By Anushri Mehta
Two months ago, five men cornered and raped a female photojournalist outside an abandoned textile mill in Mumbai. Not long before that, a 23-year old woman died from injuries sustained during a sexual assault in the back of a New Delhi bus. These brutal acts have shaken India to its core. But while the entire nation bemoans their occurrence, millions of similar cases go unnoticed.
Be it young girls or married wives, no woman is safe in modern India. According to the government statistics, a rape occurs once every 22 minutes in India. From ministers to canteen owners, certain men in India have become increasingly brazen in their actions towards the opposite sex. In some cities, ordinary items like female mannequins are banned because of their supposed ‘arousing’ effect.
When does it stop? Where is the boiling point, wherein people wake up and demand action? Luckily, all hope is not lost for the subcontinent. Indians are slowly becoming mindful and taking a stand against sexual violence. Be it in small groups or large forums like Facebook or Twitter, the masses are finally voicing their opinions and once and for all drawing a line.
In the past, cases similar to the Delhi rape case take approximately four to five years to close. Having said that, the Delhi case led to a conviction in less than nine months. In a rare departure from India’s strong adherence to Mahatma Gandhi’s principle of ahimsa, or nonviolence, the courthouse sentenced four of the six accused to death by hanging. Despite being the most brutal of the group, the youngest offender got off with only three years in a maximum security juvenile detention center because he was a minor. Jailers found the last of the group dead in his cell, where the man reportedly hung himself.
In August of this year, women around the country went on a strike, calling their respective workplaces and reporting in sick–sick of India’s rape culture. The strike spread through mass media outlets such as Facebook and Twitter. This unconventional style of protest received mixed responses because it appealed only to the female demographic and challenged the traditional Indian male perception that women should not have voices of their own. It was an attempt to show Indian men that women will not stand and watch as injustice prevails. Around 4,500 people took part in this strike in some way or another. Some women refused to go to workplaces while others merely refused to do any work, be it at home or in the offices. The strike shook the nation and lent an image of strength and independence to the new Indian woman.
Another sign of the growing movement to stop sexual assaults is the Red Brigade, a group of teenage girls who patrol the streets of their respective villages and protect women from potential rapists. They are most active in the rural parts of Lucknow, where a corrupt legal system unfairly favors men and wealth. The self-defense group started when the local police force ignored the rape of a young girl, the most recent of many instances in which girls were groped, molested or assaulted by males. Unwilling to undergo further attacks and outraged by police ambivalence, local girls formed the Red Brigade. Such self-defense groups are an increasing trend for women today. Non-profit organizations like Action Break Silence help lower-class women train and master martial arts to deter the possibility of a sexual assault.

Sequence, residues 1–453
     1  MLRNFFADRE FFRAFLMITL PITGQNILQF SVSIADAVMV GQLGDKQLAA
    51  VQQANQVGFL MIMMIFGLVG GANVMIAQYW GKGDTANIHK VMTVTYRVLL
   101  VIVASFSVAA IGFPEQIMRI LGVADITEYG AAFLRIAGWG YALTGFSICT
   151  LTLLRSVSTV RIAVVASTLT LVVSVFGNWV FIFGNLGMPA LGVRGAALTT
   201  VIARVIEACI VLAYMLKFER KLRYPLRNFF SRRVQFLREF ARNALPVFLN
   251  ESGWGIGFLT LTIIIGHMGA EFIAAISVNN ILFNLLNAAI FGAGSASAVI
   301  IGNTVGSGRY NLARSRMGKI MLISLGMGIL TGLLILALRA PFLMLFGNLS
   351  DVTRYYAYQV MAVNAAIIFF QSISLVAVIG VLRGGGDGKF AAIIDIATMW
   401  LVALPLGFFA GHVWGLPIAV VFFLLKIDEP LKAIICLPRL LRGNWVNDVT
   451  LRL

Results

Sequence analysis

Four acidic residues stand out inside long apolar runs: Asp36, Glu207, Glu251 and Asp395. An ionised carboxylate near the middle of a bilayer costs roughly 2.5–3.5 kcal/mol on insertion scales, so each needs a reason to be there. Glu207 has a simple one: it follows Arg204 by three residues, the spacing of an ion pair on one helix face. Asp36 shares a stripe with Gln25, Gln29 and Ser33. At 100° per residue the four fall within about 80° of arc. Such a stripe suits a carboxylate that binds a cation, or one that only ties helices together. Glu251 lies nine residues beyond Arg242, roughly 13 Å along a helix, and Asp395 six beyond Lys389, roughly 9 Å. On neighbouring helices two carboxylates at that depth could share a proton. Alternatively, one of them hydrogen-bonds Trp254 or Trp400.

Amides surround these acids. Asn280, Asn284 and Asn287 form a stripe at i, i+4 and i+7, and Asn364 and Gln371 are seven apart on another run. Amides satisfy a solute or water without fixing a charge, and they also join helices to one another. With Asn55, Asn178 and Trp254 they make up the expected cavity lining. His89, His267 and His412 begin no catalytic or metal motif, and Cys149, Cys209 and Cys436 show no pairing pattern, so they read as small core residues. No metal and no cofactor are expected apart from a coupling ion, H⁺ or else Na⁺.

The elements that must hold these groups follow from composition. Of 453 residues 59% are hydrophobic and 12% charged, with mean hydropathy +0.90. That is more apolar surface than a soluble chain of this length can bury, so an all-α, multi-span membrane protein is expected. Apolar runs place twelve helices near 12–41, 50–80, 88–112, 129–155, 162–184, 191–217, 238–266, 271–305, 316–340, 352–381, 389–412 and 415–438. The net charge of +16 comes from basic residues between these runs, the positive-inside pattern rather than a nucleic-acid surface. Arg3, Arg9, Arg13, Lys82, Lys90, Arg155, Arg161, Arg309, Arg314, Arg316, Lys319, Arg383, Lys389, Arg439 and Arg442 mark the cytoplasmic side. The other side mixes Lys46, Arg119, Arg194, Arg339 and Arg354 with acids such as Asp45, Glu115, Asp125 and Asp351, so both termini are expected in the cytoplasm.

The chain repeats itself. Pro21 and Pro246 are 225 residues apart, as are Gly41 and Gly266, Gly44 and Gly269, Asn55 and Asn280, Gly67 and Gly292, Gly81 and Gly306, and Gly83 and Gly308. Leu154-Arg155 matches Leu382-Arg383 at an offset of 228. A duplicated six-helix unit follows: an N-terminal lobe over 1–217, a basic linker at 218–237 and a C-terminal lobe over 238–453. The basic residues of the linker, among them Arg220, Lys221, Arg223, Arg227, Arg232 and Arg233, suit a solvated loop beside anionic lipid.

But despite growing public outrage, most victims of sexual assault are still afraid to go to court to testify against their assailants. One reason is that courts victimize the already traumatized individual by asking them personal and uncomfortable questions about the events that transpired. Another is that the courts tend to treat people unequally. They base the appeals on the basis of the victim’s caste or economic strata, which deters women from reporting their cases due to fears of exposure and unwanted media attention.
As India moves into its 67th year of independence, the time has come to abandon conceptions that degrade women and make them susceptible to sexual abuse. Though scriptures hold them to the highest standards, the reality is that women continue to have inferior status compared to men. Only a small minority in India have broken out of this mold. In major cities, they have freedom and rights legally speaking. But laws are moot when sexist attitudes rooted in centuries of male dominance prevail. However, slowly but surely, groups and organizations are changing perceptions of women in India’s male-dominated society. Perhaps ten years down the line women can walk out of their homes and feel truly at home in India. Until then, the work continues.
Image by Dell Inc.
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